ANNA MARIA ISLAND -- Robert Herman was recovering from a severely broken leg -- and burned out from a 16-year career in information technology -- when he discovered in 2004 the healing power of Anna Maria Island and its three cities.
“I stopped at every waterfront town from Charleston to Key West, came back to Anna Maria Island three times, and said to myself, ‘This is where I want to be,’” Herman said. “So I sold everything I owned and came on down here.”
Herman has since come up with a new way to express his love for Anna Maria Island; WAMi Radio, slated to go live at 10:30 p.m. New Year’s Eve.
The low-power station, with the frequency yet to be determined, will have two purposes: to cover every possible aspect of island news, and to highlight original music by the independent musicians that perform throughout Sarasota and Manatee counties.
“The musicians that are playing all around our area are awesome,” said Herman. “They’re beautiful. And when I listen to them, I wonder why everyone else isn’t playing them on the radio.”
Herman’s goal in featuring original independent music is to provide them publicity and possibly help the bands become signed by labels.
He’ll also ask the fea- tured musicians to mention WAMi radio at their shows.
He already has collected 1,100 songs from more than 100 musicians. The collection covers every imaginable genre of music.
In addition to its AM availability, WAMi has applied for an FM license and will be available over the Internet.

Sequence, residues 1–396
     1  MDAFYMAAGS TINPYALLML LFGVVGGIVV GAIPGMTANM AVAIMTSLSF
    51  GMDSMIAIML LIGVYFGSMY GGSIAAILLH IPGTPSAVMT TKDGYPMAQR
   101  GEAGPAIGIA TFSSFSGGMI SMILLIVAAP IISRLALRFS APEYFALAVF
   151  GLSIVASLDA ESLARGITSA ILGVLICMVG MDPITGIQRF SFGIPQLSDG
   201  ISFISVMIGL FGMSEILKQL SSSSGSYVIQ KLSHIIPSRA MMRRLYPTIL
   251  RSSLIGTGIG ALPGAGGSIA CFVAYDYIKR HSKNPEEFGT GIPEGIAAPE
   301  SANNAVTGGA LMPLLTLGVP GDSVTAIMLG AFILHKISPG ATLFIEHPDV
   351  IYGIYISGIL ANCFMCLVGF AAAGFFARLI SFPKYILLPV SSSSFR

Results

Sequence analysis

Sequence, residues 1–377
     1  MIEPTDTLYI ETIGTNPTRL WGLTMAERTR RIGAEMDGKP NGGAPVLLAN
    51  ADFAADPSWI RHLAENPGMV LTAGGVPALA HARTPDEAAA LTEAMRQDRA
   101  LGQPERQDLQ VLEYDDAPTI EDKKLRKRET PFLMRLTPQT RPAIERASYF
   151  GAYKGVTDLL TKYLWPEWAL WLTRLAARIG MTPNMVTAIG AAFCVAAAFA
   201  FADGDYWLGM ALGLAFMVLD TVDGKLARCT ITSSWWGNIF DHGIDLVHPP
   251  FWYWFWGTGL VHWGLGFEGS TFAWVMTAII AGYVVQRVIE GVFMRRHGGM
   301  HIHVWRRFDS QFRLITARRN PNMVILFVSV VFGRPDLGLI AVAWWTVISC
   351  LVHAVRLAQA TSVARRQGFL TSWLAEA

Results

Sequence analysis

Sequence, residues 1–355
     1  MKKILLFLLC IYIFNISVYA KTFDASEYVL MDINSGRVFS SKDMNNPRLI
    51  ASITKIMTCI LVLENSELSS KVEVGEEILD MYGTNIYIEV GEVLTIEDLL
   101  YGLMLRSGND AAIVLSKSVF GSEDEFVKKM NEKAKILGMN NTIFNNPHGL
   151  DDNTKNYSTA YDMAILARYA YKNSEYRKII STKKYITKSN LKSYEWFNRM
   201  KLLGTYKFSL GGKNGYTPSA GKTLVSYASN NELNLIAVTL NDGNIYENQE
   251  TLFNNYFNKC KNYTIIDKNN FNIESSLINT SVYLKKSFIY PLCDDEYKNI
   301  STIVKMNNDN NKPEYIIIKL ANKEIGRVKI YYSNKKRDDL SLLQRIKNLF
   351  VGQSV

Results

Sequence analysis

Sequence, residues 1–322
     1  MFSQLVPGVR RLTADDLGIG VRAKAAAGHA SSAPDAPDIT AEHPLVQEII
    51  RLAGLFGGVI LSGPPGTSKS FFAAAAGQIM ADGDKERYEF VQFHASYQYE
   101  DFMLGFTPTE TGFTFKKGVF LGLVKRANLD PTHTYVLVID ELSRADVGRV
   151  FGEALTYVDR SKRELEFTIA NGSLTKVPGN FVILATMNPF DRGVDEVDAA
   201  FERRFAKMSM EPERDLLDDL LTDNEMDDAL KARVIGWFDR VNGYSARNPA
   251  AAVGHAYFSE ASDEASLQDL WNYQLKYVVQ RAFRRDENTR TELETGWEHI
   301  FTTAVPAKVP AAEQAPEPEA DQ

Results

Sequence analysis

“You know the old say- ing that the person who needs a vacation the most is someone who just got back from one?” Herman said.
“The Internet site is for when you’re back sitting in that office. You’ll always be able to have the voice and the soul of the island.”
The new station is ex- citing news for one longtime island personality: Tim “Hammer” Thompson, a member of the nonprofit Anna Maria Island Privateers.
Thompson will have a three-hour talk show on WAMi every weekday morning that focuses on local personalities including musicians, actors and community leaders.
“I think it’s going to be great,” Thompson said. “There should have been a radio station on Anna Maria Island a long time ago.”
Thompson, who had a radio talk show in the state of Vermont for seven years before moving to the island, plans to showcase island events before they happen, and provide insight into “the actors and actresses behind the show,” or the “musicians behind the music.”
Herman plans to continue that approach with other talk segments sprinkled throughout WAMi.
He’ll feature local island officials offering advice and deeper insight than they are able to during public meetings; musicians providing on-air music lessons; story hours for children; career counselors for high schoolers; environmental experts focusing on wildlife rescue; and even a health segment for older women titled “Grey Matters.”
Herman has invested $50,000 in the station so far and has more investors ready to chip in more. He’ll run the station commercial-free for the first three months and then seek sponsors, promising to devote no more than 12 percent of airtime to commercials.
Christine Hawes, Herald business writer, can be reached at 941-745-7081.